Pat Judson

Early in August, 1929, Pat Judson joined the Johannesburg Light ‘Plane Club at Baragwanath Aerodrome to undergo the flying and technical training necessary for the “B” commercial pilot’s licence which he would require for his new career and, on August 31st, the Bulawayo Chronicle reported that “a Rhodesian farmer, Mr. D S. Judson, is now learning to fly with the J.L.P.C. – he went solo on the 27th”.

The full article by J McAdam can be found here:

Dick Bentley – Pioneering Spirit

This is the story of one who preferred to live in the open, rather than within the confines of a London office, a condition
that has beset the lives of millions of worthy but less fortunate people.

The story of Richard Reid “Dick” Bentley and his flight from England to South Africa in de Havilland DH60X Moth G-EBSO (c/n 419). Bentley and the Moth, fitted with a Cirrus Mark II engine, left London on September 1, 1927. Dick landed at Baragwanath Aerodrome on Monday, 26 September 1927. He arrived in Cape Town on September 28, 1927 having flown a distance of approximately 7,250 miles, achieving the then record longest solo flight.

Some British Pathe newsreel footage of the Christening of G-EBSO “Dorys” here (Website)

Some photographs of de Havilland DH60X Moth c/n 419 G-EBSO “Dorys” here  (PDF)

Pictures: 1910 – 1919

Johannesburg’s first Airfield was at Baragwanath. The ex-military hangar and cluster of huts and aircraft packing cases that housed The South African Aerial Transports Ltd. can be seen. In 1919 air services were inaugurated in South Africa with the amalgamation of a London-based company, the South African Aerial Navigation Company and South African Aerial Transports Ltd, under the name of the latter.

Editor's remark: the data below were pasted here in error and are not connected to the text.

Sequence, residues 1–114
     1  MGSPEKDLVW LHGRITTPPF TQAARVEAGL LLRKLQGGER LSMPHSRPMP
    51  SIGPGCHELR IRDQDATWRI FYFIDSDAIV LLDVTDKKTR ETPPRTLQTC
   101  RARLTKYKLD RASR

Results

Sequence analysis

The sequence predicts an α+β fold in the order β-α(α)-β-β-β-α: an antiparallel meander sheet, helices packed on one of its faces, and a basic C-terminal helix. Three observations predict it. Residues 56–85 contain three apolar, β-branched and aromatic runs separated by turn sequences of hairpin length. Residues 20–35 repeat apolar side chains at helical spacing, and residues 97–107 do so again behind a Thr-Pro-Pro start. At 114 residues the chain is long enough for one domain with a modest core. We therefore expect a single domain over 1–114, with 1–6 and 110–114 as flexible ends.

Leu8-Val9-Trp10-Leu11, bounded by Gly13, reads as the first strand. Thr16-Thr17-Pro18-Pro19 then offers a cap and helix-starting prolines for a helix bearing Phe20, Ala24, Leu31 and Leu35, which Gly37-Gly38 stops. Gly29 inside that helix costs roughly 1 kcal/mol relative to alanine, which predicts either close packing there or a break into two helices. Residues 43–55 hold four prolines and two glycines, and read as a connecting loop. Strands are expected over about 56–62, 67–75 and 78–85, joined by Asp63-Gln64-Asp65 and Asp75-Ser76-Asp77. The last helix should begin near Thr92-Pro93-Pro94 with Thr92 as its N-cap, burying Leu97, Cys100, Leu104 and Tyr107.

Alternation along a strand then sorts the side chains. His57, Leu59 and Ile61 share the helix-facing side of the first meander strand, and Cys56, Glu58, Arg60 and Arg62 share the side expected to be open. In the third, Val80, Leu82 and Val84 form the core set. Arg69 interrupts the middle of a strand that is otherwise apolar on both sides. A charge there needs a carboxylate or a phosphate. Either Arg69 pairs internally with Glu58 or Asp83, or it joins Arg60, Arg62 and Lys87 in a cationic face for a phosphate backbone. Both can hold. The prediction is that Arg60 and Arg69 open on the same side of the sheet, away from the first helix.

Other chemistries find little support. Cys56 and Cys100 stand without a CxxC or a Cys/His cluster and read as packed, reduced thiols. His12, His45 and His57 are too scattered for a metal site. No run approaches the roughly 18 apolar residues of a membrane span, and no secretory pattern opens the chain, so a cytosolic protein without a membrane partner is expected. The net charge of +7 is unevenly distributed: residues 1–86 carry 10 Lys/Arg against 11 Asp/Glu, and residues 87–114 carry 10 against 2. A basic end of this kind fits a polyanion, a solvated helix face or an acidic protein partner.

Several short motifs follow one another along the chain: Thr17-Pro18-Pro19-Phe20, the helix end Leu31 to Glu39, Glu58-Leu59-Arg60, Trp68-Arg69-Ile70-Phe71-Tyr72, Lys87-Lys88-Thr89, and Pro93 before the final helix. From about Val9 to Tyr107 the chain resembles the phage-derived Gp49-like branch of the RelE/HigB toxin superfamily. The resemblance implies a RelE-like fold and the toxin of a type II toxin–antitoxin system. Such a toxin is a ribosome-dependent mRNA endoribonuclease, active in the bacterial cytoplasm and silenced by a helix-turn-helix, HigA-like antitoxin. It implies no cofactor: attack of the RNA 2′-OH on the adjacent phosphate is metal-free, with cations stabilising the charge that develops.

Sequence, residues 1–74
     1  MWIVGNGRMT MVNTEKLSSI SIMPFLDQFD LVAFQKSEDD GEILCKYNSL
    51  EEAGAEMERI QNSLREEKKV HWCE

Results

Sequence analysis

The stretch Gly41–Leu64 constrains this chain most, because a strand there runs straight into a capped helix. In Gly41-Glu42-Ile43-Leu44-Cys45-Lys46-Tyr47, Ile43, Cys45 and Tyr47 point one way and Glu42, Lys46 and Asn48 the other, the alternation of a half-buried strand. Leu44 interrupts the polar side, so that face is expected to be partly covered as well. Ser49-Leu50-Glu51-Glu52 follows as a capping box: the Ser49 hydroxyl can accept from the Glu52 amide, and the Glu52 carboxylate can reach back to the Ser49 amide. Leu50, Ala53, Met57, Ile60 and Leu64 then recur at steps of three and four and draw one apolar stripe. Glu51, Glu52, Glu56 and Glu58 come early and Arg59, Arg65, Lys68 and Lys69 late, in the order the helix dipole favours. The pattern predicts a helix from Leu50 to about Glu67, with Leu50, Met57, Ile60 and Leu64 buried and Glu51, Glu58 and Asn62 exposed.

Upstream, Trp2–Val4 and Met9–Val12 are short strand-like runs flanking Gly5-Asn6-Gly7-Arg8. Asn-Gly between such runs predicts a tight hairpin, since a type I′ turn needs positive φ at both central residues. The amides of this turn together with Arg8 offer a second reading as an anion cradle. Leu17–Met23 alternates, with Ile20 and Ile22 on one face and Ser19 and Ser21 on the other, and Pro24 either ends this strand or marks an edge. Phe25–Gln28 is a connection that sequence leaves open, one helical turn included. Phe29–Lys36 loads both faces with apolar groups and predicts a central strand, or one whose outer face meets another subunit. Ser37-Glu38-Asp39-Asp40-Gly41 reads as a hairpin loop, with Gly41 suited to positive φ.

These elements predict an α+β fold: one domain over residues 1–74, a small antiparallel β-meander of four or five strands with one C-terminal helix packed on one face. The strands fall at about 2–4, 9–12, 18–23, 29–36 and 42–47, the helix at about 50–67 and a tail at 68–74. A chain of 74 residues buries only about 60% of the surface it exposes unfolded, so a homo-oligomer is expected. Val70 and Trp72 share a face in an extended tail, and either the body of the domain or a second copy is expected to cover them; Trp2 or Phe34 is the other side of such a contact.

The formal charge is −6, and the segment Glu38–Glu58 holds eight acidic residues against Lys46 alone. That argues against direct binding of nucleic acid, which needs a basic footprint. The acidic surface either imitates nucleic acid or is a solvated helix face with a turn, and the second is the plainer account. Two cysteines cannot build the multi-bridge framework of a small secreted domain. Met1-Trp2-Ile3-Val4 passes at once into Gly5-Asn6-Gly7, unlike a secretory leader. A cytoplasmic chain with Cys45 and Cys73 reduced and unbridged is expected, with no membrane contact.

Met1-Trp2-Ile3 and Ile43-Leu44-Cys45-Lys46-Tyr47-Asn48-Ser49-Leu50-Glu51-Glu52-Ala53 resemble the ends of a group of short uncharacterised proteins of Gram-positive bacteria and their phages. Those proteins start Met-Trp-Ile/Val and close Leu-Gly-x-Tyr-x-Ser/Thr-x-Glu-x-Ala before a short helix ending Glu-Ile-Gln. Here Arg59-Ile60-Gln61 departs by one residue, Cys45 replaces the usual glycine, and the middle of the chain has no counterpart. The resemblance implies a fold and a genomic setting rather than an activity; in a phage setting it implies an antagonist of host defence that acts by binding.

Photograph: John Illsley, In Southern Skies
The South African Aerial Transports Ltd. office – a converted Avro Aircraft Company aircraft packing case. Left to right are: Captain Carl Ross, Major W Honnett and Lieutenant Cecil Robert “Tommy” Thompson. The South African Aerial Transports Ltd. was formed on the 13 of April 1919.

Photograph: John Illsley, In Southern Skies
Baragwanath aerodrome saw the departure, on November 15 1919 of an Avro biplane piloted by Major Allister Miller, on what was the first commercial charter flight in South Africa. The Star was the company which had hired the aircraft to fly a special edition of the newspaper to Durban. This picture was taken at 7 am by a photographer of The Star 45 minutes before take-off. The aircraft was an AVRO 504K, H2583, of The South African Aerial Transports Ltd.

Cecil Robert “Tommy” Thompson

Tommy was a founder member of the Johannesburg Light Plane Club at Baragwanath. He was involved with the South African Aerial Transports Ltd., using Avro 504K aircraft. He was the first pilot to “loop the loop” in South Africa.